Thrombotic thrombocytopenic purpura (TTP) is a fatal syndrome. Acquired TTP is mainly caused by autoantibodies that inhibit ADAMTS13 enzyme. Plasma exchange is the only effective therapy available to date.
In Aim1 of this proposal, we will reengineer and characterize a series of novel recombinant ADAMTS13 variants that exhibit increased specific activity, but are resistant to inhibition by autoantibodies from patients with acquired TTP. The completion of this aim will provide novel insights into the structure-function relationship of ADAMTS13 and change how we treat TTP today.
In Aim 2, we propose to determine the antigenic binding epitopes at the amino acid resolution using our novel and groundbreaking deuterium exchange coupled with mass spectrometric analysis approaches. In addition, we will determine the pathogenicity of a panel of inhibitory scFV(s) in murine models of arterial thrombosis and TTP established in the laboratory. The information gained from this study may help our understanding of the molecular mechanisms of acquired TTP and the rational designing of novel recombinant ADAMTS13 variants with desired properties (such as resistance to autoantibody inhibition) for future therapy. Finally, in Aim 3, we will test the hypothesis that ectopic expression of wild-type ADAMTS13 and gain-of-function/antibody-resistant ADAMTS13 variants in platelets would target the therapeutic enzyme directly to sites of injury without being inhibited by circulating anti-ADAMTS13 antibodies. Overall, the information obtained from the completion of the proposed study will provide novel insight into the structure-function relationship of ADAMTS13, help our understandings of the mechanisms of acquired TTP, and provide novel tools for potential therapy of such a fatal TTP syndrome.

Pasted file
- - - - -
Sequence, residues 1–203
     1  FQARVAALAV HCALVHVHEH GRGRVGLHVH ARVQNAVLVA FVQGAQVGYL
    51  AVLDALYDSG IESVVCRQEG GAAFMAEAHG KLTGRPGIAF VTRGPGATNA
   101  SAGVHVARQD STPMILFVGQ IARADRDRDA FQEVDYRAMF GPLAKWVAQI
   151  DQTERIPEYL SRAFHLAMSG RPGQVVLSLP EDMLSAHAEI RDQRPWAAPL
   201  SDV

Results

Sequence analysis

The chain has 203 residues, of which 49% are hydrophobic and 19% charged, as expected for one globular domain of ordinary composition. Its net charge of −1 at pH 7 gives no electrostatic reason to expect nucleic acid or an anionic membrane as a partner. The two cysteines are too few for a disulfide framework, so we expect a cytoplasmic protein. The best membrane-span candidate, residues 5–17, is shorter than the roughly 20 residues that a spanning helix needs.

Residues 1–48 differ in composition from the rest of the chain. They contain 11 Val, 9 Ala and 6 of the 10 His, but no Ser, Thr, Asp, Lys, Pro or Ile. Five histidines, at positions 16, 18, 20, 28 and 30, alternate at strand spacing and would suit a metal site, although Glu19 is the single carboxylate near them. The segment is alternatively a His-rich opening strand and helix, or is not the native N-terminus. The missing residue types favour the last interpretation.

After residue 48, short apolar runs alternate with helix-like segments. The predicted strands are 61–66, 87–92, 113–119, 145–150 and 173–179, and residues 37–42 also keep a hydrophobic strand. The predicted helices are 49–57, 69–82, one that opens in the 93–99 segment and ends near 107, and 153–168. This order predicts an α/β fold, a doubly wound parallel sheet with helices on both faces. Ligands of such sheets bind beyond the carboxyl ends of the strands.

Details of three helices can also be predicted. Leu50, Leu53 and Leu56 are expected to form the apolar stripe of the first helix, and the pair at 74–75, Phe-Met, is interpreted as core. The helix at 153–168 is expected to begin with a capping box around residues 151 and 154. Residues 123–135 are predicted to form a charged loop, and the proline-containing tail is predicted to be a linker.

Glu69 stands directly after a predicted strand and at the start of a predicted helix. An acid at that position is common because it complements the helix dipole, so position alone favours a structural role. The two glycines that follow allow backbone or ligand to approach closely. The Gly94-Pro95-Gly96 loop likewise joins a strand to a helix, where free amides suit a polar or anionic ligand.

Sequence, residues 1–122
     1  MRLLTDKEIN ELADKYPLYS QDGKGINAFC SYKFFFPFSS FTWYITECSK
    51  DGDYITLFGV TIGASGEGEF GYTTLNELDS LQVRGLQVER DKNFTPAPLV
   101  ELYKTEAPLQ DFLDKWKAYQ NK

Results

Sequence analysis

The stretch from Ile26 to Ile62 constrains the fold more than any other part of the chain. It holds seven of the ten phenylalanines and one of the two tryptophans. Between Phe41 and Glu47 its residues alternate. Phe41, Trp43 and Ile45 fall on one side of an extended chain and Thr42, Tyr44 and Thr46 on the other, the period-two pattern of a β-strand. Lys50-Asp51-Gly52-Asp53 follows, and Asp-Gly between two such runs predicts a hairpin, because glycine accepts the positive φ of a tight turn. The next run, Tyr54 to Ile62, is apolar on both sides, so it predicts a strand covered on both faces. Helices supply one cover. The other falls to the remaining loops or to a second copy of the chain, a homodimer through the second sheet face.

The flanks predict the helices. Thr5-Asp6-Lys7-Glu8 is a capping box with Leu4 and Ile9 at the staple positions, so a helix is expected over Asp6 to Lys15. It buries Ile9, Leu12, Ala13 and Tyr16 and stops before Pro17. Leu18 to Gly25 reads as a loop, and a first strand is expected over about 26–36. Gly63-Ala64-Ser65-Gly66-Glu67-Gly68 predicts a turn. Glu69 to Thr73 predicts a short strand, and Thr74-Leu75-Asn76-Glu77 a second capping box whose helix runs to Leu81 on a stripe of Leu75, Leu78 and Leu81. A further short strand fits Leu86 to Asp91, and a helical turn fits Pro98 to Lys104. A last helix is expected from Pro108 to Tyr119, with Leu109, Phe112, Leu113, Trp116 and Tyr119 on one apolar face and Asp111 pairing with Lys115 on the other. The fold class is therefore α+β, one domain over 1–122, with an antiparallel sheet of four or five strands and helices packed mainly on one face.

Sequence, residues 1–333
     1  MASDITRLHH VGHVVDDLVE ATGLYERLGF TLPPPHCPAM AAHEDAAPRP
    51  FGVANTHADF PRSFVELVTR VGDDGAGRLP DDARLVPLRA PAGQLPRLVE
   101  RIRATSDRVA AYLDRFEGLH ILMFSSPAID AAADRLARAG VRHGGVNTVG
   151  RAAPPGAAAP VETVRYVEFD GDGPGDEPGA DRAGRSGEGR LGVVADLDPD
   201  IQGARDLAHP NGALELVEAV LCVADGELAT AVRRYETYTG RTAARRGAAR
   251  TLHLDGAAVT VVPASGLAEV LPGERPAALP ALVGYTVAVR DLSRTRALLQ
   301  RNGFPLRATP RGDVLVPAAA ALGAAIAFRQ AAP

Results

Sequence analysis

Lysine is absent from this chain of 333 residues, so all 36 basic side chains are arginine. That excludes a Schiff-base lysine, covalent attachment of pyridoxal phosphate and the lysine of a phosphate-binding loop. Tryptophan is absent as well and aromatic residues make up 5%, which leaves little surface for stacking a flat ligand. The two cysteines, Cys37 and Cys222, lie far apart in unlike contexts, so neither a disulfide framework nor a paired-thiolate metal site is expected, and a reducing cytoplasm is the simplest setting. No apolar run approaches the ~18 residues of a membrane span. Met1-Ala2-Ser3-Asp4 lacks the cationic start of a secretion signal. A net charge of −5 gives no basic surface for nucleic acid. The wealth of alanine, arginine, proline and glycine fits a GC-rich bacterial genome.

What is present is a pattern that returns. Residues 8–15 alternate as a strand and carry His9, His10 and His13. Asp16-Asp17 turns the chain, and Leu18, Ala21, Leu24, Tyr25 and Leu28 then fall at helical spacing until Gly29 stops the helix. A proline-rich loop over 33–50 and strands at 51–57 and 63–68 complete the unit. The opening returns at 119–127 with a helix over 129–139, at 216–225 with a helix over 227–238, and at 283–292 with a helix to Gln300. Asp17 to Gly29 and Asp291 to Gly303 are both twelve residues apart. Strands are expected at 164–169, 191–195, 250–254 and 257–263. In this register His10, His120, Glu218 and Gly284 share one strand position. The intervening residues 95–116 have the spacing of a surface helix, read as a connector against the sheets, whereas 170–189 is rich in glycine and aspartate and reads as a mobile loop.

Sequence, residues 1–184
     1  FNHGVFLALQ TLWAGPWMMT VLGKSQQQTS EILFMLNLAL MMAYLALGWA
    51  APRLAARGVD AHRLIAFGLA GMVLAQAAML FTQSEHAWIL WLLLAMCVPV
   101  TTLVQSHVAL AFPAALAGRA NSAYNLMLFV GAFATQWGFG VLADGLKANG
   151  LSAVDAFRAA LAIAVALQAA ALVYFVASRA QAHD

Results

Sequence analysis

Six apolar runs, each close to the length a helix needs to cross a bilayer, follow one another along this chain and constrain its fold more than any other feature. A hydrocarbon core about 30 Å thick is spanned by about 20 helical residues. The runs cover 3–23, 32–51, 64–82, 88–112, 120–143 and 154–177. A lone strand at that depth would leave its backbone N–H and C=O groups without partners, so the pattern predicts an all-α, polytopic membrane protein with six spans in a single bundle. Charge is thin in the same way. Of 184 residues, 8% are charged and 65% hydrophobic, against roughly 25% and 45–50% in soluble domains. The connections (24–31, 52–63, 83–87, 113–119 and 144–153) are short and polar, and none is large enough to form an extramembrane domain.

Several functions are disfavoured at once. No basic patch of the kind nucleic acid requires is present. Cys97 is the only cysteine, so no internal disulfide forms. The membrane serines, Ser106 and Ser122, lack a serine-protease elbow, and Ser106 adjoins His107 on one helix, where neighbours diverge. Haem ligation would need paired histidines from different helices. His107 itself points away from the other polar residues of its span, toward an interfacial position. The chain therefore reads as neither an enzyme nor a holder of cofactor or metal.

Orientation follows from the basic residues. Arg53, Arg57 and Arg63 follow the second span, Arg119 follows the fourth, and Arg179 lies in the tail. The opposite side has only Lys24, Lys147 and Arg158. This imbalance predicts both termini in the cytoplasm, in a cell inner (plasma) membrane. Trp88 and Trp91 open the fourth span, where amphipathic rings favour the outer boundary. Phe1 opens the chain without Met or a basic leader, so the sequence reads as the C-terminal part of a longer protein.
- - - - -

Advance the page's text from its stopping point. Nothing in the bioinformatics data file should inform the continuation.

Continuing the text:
Public Health Relevance

This project aims to design and assess the biological functions of novel ADAMTS13 variants with increased specific activity but resistance to autoantibodies. We will also determine the antigenic epitopes of ADAMTS13 using novel hydrogen exchange and mass spectrometry and the pathogenicity of a panel of human monoclonal antibodies from patients with acquired thrombotic thrombocytopenic purpura (TTP). Finally, we will develop an ectopic expression of ADAMTS13 and variants in platelets and determine the role of platelet- delivered ADAMTS13 for modulation of arterial thrombosis and TTP phenotype in mouse models. The information obtained from the study will shed new light on the structure-function relationship of ADAMTS13, help understand the molecular mechanism of TTP, and provide novel tools for therapy for acquired TTP.

National Institute of Health (NIH)
National Heart, Lung, and Blood Institute (NHLBI)
Research Project (R01)
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Special Emphasis Panel (ZRG1-VH-J (02))
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Kindzelski, Andrei L
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Children's Hospital of Philadelphia
United States
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